Date: 22nd February 2019
Forming the basis of almost all life on Earth, the role of DNA – consisting of four naturally occurring nucleotide bases – is to store and pass on genetic information.
However, scientists in the US have now chemically synthesised four new synthetic bases (P, B, Z, S) that are able to form base pairs with their naturally-occurring base complements to form Hachimoji DNA (Japanese for 8 letters), a synthetic DNA which reportedly meets fundamental structural and functional criteria for encoding life; including the ability to replicate via an engineered T7 polymerase. Whilst this synthetic genome cannot yet support life outside the lab; is not self-sustaining and requires lab-created molecules, it forms a novel platform from which to interrogate what is needed structurally and functionally for genetic information to be successfully utilised in biological systems.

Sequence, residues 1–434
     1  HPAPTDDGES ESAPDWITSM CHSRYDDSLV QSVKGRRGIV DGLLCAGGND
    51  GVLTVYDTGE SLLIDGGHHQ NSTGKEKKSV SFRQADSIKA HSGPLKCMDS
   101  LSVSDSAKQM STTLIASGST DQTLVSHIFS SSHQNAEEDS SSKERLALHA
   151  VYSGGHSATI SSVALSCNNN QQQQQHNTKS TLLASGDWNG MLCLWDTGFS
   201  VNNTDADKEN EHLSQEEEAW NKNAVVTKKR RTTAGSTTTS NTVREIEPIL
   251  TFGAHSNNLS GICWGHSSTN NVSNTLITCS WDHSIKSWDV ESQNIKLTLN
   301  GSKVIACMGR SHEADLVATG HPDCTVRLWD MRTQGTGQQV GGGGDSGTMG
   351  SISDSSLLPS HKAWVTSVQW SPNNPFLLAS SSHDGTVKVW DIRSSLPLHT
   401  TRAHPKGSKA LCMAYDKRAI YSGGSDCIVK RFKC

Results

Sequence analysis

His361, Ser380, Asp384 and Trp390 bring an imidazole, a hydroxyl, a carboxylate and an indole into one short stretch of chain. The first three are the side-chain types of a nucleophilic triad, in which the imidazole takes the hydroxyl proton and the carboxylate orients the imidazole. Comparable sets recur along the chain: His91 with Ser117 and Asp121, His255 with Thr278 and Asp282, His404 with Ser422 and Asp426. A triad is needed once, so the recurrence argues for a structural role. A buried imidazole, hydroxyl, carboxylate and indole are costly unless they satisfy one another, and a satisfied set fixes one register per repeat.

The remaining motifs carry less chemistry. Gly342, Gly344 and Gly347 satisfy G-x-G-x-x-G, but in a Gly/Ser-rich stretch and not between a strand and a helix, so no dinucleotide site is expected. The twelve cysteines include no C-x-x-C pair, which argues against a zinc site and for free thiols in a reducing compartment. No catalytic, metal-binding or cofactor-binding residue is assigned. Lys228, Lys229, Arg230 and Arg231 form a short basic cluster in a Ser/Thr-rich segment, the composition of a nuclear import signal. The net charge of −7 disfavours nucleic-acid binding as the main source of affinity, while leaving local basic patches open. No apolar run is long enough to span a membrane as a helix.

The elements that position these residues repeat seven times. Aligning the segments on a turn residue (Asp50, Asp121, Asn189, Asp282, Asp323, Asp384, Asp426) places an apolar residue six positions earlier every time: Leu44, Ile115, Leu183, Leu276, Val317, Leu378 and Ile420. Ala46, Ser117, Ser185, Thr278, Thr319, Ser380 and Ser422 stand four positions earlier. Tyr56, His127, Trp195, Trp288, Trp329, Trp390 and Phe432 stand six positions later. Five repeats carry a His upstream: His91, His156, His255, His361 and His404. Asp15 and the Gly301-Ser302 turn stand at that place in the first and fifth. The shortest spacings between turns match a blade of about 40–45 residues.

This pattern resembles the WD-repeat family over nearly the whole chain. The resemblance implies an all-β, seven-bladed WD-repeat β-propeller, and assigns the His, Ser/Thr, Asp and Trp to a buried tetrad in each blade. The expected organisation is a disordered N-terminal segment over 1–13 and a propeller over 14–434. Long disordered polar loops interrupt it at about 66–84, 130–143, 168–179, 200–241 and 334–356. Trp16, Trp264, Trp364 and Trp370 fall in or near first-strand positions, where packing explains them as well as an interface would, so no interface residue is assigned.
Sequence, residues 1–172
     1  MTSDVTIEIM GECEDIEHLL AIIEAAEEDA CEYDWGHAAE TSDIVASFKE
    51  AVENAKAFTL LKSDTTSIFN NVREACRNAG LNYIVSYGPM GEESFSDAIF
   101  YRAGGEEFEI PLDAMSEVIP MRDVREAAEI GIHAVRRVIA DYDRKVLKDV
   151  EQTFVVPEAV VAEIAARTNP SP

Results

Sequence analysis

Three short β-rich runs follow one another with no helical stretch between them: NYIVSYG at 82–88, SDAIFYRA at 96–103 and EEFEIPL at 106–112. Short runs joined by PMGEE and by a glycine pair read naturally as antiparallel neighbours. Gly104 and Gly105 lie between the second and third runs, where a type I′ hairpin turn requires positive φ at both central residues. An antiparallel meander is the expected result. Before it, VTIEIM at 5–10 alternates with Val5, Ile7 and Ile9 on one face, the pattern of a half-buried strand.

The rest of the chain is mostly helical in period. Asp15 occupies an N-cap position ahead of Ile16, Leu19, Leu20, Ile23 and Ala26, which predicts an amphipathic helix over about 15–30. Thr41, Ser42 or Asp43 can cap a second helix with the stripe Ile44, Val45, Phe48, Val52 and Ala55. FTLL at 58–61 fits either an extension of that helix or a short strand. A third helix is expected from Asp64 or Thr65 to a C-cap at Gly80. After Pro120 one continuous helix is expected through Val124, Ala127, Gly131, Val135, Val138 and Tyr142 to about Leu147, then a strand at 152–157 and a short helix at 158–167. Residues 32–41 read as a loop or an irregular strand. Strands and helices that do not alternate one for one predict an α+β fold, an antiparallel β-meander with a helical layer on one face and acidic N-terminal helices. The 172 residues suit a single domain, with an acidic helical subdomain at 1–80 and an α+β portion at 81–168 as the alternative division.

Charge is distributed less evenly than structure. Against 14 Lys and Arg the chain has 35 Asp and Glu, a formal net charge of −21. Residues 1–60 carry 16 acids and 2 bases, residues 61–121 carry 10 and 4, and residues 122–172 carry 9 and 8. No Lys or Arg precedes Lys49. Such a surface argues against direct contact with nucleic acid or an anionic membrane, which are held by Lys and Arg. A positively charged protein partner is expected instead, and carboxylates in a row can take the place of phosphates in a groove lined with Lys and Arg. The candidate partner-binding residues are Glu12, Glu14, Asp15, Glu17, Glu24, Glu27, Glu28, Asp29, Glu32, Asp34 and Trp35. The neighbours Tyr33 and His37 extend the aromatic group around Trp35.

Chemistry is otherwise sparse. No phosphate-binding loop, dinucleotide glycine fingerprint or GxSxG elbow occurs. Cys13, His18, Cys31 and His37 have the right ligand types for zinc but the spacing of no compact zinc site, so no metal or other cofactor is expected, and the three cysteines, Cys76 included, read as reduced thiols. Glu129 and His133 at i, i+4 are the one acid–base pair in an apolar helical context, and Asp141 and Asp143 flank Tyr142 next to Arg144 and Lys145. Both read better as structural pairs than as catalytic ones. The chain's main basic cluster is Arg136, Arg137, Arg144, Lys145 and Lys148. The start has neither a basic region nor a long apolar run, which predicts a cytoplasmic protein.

Indeed, this research is not likely not to stop here and myriad possibilities are in waiting with synthetic systems and novel drugs. The notion of signature barcodes or information storage systems is also an attractive one. With 8 bases instead of 4, this DNA, amid ambitions of utilising genetic code for information storage, represents a potentially information-rich storage molecule of the future.
Hoshika, S., N. A. Leal, M.-J. Kim, M.-S. Kim, N. B. Karalkar, H.-J. Kim, A. M. Bates, N. E. Watkins, H. A. SantaLucia, A. J. Meyer, S. DasGupta, J. A. Piccirilli, A. D. Ellington, J. SantaLucia, M. M. Georgiadis and S. A. Benner (2019). “Hachimoji DNA and RNA: A genetic system with eight building blocks.” Science 363(6429): 884-887.